Before the Norman Conquest in 1066, there was no single system of law common to the whole country. Instead, a varying range of unwritten, local customs were upheld throughout the countryside. Although, the law systems were specific to local communities and locally enforced, the general effect of these laws were similar in application. Legal disputes were generally resolved by local sheriffs, the courts of the shires and in the feudal courts held by landowners. This system was extended to hear civil cases in 1285. Over time the judges began to establish a system of law common to the whole country- the common law.
By t1400, courts were staffed by professional judges. The common law system slowly developed as judges tended to make judgments based on the decisions of previous rulings in related cases. In certain circumstances, judicial precedents even became binding rather than merely useful guidance, 2. What is the relationship between “Common Law” and “Equity”? (100 words) Common law became rigid; that, coupled with expense and delay led to an increasing number of unhappy citizens. They petitioned the king directly to exercises his royal prerogative as the ‘ fountain of justice.
’ In certain situations the common law was directly challenged by equity. The matter was referred to King James I, who decreed that, even where a case had been decided at common law the Court of Chancery could intervene, Therefore equity prevailed over the common law. Over time, equity continued to develop and became more systematic. Equity is a source of law in England and Wales, but it is not part of the common law. 3. Why do we need a system of courts? (100 words) Courts are a set of institutions to enforce rules and regulations. Without them, there would be no legal system and society would devolve to unsystematic lawlessness.
Court systems ensure equally applied justice over an entire societal group, promoting security and harmony among communities. Rules and regulations cannot stand alone and achieve maximum effect; they must be coupled with a ruling, enforcing agency – which, is the court system. The combination of higher courts and lower courts are also necessary for adequate balance within the justice system; they offer the mechanism for individuals to bring appeals arising from the outcome of cases in lower courts. 4. In what ways may the courts within the English system be classified? (100 words) Courts may be classified in a number of different ways.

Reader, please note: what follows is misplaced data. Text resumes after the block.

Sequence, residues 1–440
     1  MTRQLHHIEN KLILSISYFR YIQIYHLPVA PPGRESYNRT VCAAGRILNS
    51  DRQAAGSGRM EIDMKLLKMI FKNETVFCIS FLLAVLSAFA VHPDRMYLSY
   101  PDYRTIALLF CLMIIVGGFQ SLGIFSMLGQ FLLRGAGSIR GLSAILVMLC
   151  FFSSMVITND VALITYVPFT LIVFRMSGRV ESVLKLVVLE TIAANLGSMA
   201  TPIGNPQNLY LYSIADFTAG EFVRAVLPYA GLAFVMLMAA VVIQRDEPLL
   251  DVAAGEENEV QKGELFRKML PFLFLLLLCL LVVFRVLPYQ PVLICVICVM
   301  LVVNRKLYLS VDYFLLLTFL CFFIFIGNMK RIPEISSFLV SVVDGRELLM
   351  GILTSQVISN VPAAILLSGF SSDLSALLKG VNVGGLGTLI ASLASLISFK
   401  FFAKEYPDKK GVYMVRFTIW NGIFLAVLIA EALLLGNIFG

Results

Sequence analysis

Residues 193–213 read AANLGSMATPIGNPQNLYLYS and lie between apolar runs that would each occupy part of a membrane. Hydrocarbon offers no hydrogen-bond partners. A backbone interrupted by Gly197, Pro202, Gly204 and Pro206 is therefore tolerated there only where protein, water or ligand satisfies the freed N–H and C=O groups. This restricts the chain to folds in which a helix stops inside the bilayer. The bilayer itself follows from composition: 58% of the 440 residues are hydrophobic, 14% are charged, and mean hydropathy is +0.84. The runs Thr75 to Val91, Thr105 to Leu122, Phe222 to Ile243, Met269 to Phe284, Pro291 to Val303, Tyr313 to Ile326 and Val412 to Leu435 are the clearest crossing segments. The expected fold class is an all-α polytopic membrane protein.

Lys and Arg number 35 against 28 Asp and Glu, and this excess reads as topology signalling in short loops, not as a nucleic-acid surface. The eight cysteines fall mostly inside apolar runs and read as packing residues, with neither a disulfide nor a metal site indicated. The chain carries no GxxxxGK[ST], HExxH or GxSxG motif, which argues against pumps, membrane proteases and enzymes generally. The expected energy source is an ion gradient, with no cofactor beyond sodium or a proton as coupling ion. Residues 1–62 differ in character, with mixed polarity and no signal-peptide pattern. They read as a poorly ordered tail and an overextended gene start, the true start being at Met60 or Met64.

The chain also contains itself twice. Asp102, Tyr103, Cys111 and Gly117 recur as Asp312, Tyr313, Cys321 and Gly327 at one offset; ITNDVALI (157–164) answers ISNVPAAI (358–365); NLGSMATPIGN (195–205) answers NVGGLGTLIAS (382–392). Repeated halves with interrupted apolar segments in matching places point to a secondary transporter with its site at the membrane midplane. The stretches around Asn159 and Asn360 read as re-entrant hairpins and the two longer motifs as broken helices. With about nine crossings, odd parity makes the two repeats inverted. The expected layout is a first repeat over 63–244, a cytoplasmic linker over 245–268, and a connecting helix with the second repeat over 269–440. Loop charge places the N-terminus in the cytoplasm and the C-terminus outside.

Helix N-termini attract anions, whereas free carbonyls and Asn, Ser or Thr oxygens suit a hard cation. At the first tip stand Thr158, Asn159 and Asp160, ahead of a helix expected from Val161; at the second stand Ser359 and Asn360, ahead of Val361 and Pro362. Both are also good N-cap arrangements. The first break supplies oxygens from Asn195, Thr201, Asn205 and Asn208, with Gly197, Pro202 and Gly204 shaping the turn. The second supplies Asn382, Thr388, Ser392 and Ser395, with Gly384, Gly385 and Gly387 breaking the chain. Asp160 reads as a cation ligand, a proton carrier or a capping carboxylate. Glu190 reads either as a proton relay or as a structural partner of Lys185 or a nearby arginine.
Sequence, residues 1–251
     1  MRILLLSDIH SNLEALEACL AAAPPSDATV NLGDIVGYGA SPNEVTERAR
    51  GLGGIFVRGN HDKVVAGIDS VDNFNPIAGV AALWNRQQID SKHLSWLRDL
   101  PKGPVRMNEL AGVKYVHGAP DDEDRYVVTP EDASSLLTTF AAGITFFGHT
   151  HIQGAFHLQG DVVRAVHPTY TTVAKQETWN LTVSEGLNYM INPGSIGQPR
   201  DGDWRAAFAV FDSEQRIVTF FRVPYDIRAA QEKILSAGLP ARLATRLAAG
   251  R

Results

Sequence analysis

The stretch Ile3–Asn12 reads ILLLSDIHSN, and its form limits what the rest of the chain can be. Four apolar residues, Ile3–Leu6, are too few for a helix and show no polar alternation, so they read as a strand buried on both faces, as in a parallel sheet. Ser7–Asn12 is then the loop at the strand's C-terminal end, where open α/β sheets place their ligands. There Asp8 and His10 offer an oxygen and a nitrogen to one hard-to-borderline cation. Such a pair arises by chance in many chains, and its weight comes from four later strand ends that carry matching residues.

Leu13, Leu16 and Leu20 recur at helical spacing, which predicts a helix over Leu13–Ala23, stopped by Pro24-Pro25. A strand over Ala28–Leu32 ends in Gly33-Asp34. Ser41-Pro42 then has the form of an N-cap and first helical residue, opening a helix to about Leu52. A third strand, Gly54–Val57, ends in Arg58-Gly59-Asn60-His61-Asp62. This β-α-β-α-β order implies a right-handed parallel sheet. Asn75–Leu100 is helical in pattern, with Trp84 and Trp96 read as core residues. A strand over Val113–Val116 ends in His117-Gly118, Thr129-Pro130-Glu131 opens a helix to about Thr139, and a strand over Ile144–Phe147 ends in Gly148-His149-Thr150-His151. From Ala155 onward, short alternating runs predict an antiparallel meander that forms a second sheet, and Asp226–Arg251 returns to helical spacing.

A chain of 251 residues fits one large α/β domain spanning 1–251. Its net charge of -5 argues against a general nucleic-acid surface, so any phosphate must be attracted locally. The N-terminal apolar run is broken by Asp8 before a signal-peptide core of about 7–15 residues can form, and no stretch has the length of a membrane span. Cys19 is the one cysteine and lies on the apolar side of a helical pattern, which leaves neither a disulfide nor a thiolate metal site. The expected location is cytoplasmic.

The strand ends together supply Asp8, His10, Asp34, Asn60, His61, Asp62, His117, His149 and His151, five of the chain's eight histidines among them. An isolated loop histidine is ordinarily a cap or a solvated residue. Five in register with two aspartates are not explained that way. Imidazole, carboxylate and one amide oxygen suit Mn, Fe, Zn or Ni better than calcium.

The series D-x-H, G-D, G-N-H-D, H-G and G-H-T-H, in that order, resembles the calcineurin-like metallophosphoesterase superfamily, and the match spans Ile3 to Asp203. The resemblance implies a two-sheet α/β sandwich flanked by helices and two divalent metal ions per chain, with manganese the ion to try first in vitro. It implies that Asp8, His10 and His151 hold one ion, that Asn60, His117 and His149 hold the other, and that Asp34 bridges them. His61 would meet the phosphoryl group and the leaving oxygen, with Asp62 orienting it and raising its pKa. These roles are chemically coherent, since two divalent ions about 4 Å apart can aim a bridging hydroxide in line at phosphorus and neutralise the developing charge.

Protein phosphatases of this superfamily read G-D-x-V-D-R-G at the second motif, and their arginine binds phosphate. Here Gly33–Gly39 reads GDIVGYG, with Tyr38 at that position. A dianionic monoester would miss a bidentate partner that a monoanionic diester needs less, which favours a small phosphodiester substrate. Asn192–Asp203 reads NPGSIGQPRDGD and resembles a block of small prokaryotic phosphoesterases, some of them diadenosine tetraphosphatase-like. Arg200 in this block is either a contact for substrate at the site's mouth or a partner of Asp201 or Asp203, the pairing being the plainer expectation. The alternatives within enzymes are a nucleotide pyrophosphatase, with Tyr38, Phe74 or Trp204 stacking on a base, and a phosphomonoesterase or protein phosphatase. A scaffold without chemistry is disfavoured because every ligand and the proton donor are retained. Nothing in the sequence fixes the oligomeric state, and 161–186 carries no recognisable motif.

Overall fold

Within the English system, courts are classified based on 1) the types of cases which they hear and 2) the personnel who hear and decide those cases. There are three groups of courts in the English system: Firstly, the criminal and civil courts. Sometime a particular set of facts can give rise to proceedings in both courts. For example, if you were knocked down and injured by a reckless driver while walking down the street, this could result in both a criminal and civil court case. Within these two courts, there are also other different types of court, which respond to different cases.
The crown court, however, deals almost exclusively with criminal matters. Secondly, there are the trial and appellate courts. Thirdly, there are the superior and inferior courts. There are also a number of courts under these two courts. The House of Lords and the High Court are under superior court; while the county court and magistrates’ courts are under inferior court. The House of Lords hears appeals in criminal cases from the court of appeal and the high court; it also hears appeals in civil cases form the court of appeal and the high court,